Road

Groenewegen defends ‘I can never be a servant’ statements

Dutch sprinter claims earlier comments about never wanting to act as a support man were taken out of context.

Dylan Groenewegen has been quick to defend himself after he appeared to make a series of brash comments implying an unwillingness to ride in the service of others.

The Jumbo-Visma sprinter spoke to Het Parool Friday discussing his absolute focus on victory and inability to accept second best, whether in a fast finish or in the team pecking order.

“I can never be a servant, my honor is too great for that,” Groenewegen said. “You won’t see me doing a sprint for a teammate. Then my career is just over.”

Sprinters thrive on success, and 26-year-old Groenewegen’s words to the Dutch outlet embodies that through-and-through. Having risen to be one of the top sprinters in the modern peloton alongside the likes of Sam Bennett (Deceuninck-Quick-Step) and Caleb Ewan (Lotto Soudal), Groenewegen spoke of his bloody-minded pursuit of glory, saying “if winning is no longer successful, I will no longer enjoy it.”

Groenewegen told Het Parool that he would rather hang up his cleats and retire or mold himself into a classics rider if the sprint success dried up –  but only with the caveat that he would lead his team. “As a servant you are already satisfied with loss in advance,” he said. “I don’t know that state of mind.”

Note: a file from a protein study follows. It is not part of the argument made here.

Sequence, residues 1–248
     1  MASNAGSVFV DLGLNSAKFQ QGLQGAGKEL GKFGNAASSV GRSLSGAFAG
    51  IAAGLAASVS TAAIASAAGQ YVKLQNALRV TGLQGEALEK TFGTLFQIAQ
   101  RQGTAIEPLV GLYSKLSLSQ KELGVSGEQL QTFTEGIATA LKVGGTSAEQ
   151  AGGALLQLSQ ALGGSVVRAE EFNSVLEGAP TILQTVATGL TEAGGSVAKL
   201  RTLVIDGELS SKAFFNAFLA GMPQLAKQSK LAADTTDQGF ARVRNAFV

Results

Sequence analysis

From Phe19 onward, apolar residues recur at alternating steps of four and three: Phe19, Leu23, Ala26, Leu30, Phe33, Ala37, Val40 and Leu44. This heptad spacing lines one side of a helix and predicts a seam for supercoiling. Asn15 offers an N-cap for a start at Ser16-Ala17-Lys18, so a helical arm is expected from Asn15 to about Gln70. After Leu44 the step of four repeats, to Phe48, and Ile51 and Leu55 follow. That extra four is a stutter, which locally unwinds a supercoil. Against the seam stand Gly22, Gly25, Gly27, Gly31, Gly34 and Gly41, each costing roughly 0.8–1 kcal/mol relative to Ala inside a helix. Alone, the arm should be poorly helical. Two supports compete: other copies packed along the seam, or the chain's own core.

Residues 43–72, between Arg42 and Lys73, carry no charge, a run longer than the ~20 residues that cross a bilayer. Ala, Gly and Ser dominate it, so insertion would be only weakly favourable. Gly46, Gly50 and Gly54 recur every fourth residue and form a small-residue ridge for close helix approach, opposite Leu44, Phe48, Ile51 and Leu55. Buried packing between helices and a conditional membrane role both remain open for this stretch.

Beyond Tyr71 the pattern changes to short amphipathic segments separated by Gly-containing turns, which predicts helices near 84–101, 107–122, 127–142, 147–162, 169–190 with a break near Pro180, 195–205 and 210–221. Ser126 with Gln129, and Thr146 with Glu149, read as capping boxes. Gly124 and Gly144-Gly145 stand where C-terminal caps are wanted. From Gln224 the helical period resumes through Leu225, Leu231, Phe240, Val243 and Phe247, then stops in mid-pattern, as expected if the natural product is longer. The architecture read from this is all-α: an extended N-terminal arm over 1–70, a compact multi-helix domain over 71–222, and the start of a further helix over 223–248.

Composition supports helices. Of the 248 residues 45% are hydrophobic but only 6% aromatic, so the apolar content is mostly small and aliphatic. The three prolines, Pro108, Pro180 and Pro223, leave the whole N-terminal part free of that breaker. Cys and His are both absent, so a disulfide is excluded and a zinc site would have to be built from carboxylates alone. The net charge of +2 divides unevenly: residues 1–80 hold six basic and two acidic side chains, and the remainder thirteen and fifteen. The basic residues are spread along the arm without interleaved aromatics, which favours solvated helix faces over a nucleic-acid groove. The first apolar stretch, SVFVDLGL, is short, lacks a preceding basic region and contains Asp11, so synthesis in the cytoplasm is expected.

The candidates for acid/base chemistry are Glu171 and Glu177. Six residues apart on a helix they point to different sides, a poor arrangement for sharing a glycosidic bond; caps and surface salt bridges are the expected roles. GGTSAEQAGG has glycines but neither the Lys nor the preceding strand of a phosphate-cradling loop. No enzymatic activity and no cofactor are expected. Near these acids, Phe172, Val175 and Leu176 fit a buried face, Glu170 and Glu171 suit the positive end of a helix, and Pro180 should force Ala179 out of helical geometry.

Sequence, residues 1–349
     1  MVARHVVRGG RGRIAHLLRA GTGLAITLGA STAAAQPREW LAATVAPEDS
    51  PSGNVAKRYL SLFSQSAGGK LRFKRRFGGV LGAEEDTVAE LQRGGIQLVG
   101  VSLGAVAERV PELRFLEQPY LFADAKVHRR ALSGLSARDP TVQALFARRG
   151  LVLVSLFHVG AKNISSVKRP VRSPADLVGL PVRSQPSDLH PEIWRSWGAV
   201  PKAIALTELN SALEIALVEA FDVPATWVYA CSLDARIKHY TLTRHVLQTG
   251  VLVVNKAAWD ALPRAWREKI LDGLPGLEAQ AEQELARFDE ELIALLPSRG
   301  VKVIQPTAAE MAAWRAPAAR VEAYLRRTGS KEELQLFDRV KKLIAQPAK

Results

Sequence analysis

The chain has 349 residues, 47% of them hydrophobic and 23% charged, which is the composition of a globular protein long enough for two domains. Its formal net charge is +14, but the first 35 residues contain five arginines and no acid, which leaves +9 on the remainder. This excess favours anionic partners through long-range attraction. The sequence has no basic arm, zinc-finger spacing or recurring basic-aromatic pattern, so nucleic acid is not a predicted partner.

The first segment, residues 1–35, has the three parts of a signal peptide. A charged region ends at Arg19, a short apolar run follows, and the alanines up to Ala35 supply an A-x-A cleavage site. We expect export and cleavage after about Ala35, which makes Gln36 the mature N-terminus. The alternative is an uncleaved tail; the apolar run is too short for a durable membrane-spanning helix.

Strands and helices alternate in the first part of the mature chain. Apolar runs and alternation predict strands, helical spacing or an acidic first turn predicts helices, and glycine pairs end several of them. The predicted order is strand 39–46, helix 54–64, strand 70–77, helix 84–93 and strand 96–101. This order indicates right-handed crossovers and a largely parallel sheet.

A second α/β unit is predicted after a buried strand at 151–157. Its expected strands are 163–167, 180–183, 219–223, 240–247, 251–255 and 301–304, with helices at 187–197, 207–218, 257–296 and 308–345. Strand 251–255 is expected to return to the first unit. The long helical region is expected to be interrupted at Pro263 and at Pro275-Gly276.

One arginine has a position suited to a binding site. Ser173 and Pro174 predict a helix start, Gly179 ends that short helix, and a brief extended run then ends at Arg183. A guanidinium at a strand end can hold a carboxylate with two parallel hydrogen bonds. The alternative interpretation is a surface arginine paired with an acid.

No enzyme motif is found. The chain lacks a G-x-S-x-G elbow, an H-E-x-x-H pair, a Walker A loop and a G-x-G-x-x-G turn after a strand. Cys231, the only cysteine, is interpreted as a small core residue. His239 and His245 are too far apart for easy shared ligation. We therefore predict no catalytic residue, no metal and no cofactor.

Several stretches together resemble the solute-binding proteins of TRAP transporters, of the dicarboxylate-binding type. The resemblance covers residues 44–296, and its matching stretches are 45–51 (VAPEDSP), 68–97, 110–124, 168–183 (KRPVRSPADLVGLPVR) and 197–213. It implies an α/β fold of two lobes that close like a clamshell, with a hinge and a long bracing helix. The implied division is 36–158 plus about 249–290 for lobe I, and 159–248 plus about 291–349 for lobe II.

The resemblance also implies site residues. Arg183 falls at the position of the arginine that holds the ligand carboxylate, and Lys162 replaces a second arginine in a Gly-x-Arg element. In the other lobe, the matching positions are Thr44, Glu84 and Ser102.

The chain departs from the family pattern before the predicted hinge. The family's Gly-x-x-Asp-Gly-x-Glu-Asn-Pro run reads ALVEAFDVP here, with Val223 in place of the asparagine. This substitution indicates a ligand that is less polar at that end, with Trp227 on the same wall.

However, only a few hours after Groenewegen’s feisty comments were published Friday morning, the Dutchman made a U-Turn, claiming on Twitter that his words had been taken out of context:

“Great work to twist some pieces like that may be said! NO I cannot find myself in this piece! I would always do everything to win with the team Jumbo-Visma,” reads the tweet.

Groenewegen’s main goal for the restarted 2020 season will be a run at his first-ever Giro d’Italia while his team focusses on its GC ambitions at the Tour de France. However, it seems that the Dutchman would be happy to race anything he’s given.

“I don’t care where and how, as long as I can race again,” Groenewegen is quoted as saying to Het Parool. “Then the victories will follow automatically. ”